Keep college affordable

Posted: February 18, 2013

By Neil D. Theobald

As the new president of Temple University, I have spent my first weeks talking with students, faculty, alumni, and others in Philadelphia and around the commonwealth. I have been struck by the enthusiastic and open welcome and the willingness of people to share their hopes and dreams about Temple. At the same time, an important question runs through these conversations: How do we help students earn their degrees without amassing excessive debt?

A Temple degree is a valuable asset that pays dividends over the lifetime of our graduates. A recent study from the U.S. Census Bureau estimates that a college graduate with a bachelor's degree can expect to earn an average of $1 million more during his or her lifetime than a high school graduate. Another fact is also clear: Pennsylvania needs more college graduates. The Georgetown University Center on Education and the Workforce recently reported that by 2018, 57 percent of Pennsylvania jobs will require some postsecondary education.

So how do we help students and their families?

First, Temple University is committed to containing student costs through actions such as freezing undergraduate tuition this year. As we make plans for next year, Temple will continue to work hard to keep tuition and fees within the reach of every qualified student.

Second, Temple is examining current practices and expenditures to facilitate responsible stewardship of the public dollars that we are privileged to receive. Over the next 18 months, Temple will move to a decentralized budget model and shift budgeting decisions into the hands of the deans and faculty to reward decisions that are efficient, entrepreneurial, and creative. Temple can be aided in this effort by predictable state funding. We are committed to work with Gov. Corbett and the General Assembly to ensure the commonwealth's investment in higher education pays dividends.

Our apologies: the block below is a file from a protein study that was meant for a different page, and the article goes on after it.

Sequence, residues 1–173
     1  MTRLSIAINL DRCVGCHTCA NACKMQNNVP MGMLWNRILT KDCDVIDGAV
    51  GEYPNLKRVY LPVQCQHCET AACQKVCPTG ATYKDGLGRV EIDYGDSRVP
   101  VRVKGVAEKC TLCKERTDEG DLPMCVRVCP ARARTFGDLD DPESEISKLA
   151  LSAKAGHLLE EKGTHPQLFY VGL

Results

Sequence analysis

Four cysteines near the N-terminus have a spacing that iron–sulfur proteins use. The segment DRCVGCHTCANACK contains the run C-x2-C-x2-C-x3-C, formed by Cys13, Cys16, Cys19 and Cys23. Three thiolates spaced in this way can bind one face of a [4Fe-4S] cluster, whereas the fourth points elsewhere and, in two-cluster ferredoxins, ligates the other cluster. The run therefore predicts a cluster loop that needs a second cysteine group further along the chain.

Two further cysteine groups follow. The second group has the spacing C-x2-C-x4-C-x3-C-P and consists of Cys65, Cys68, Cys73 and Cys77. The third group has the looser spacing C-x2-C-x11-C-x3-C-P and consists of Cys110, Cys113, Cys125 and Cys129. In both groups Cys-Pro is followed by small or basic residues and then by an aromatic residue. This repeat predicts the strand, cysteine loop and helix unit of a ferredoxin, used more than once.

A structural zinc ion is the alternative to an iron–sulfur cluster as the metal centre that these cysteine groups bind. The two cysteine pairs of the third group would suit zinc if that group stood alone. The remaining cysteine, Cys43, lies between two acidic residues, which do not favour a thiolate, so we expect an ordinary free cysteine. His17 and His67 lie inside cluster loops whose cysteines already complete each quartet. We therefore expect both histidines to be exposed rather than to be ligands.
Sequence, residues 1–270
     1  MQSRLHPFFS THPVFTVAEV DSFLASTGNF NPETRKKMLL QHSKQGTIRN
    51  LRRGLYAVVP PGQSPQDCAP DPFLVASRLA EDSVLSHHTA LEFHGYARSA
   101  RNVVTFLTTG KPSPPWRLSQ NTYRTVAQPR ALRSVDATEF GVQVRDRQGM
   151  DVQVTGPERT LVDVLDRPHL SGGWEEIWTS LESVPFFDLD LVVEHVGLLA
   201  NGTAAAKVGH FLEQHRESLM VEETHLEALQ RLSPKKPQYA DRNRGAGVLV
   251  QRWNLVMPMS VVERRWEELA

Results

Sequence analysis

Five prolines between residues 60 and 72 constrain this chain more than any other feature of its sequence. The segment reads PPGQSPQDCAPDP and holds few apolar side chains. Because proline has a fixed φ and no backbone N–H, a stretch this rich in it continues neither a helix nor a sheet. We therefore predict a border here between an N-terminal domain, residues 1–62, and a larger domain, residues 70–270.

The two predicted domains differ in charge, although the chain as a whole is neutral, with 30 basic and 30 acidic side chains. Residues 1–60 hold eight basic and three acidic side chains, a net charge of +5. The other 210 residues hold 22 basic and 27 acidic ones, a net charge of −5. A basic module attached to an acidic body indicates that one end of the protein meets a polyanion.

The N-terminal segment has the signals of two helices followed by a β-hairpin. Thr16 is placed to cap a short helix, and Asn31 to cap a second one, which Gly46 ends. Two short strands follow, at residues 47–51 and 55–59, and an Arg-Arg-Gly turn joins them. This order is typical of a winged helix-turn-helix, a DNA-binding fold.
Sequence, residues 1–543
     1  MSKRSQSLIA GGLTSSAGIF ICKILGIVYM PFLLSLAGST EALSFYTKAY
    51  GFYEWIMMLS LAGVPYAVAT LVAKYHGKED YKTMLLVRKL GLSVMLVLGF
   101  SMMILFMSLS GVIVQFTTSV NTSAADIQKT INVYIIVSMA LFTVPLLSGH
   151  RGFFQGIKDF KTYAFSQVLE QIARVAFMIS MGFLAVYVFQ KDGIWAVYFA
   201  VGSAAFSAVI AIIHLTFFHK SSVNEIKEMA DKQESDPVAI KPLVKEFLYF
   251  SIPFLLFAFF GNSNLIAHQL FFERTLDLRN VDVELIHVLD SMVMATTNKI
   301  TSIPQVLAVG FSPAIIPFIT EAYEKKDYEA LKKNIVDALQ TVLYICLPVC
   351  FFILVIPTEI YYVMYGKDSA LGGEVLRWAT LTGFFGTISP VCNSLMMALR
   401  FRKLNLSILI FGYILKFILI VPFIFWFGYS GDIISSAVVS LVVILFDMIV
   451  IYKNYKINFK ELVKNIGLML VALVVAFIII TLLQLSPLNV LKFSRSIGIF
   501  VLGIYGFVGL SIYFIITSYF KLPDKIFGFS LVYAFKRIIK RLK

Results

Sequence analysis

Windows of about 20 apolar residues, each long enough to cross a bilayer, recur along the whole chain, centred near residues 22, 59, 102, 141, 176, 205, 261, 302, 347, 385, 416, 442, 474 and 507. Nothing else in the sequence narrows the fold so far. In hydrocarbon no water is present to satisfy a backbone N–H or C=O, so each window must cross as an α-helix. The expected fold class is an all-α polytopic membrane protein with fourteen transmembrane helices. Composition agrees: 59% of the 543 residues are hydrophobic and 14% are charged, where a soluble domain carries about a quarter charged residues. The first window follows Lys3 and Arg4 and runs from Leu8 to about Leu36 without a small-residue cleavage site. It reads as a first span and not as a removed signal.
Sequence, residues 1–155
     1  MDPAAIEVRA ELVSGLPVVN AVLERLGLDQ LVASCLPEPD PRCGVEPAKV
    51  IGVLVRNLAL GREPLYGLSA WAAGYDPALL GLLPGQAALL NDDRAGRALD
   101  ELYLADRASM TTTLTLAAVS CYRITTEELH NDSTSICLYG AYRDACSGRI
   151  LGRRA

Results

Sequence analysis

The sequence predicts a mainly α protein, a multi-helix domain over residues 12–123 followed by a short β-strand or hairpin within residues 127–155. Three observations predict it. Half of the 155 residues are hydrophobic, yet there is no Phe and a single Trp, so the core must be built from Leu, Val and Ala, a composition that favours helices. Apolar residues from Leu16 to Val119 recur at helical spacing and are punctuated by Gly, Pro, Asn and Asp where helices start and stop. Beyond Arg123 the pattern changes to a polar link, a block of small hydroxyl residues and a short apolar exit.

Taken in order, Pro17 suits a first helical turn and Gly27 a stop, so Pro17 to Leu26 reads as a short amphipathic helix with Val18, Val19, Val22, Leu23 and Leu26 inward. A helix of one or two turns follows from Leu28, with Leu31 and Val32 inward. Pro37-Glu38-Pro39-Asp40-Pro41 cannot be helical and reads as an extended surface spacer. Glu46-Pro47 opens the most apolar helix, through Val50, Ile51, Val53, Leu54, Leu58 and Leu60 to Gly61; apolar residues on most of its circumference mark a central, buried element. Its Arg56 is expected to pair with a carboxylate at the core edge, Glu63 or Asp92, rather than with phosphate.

Third, we must create incentives for students to graduate in four years. The longer students take to complete their degrees, the more years they accumulate debt and delay their entry into the workforce. Academic advisers must help students stay on track, and classes should be taught when students need them.

Next, Temple and other schools must take a larger role in educating people on the real costs of going to college. We will work with students and their families early in the application process so that they understand the reality of this investment. For example, we will customize financial-aid notifications to accentuate the student-loan component, and offer to meet with students and parents to discuss options and create budgets.

We must also teach practical, basic financial literacy to our students. I have talked with the leadership at the Fox School of Business about starting such a course for Temple students. The idea is to teach students how to make smart choices about budgeting, savings, and debt.

Part of a financial literacy initiative I began at Indiana University offers students an annual statement with how much they have borrowed and how much their payments will be when they begin to pay the loans down. I would like to replicate that type of program at Temple. Keeping students informed about the costs they are incurring will help them take out only as much as they need and to shop around for the best possible options.

Finally, we must encourage our students to apply what they are learning through internship and other capstone opportunities so they will be real-world ready.

As I begin my term as Temple's president, these thoughts represent the beginning of a long-term commitment to our students, their families, and the taxpayers of Pennsylvania. Together, we can ensure that Temple's students will graduate with not only the knowledge, but also the financial stability, to take their place as the next generation of leaders in Philadelphia, Pennsylvania, and the nation.

Neil D. Theobald became Temple Universitys 10th president on Jan. 1. E-mail him at

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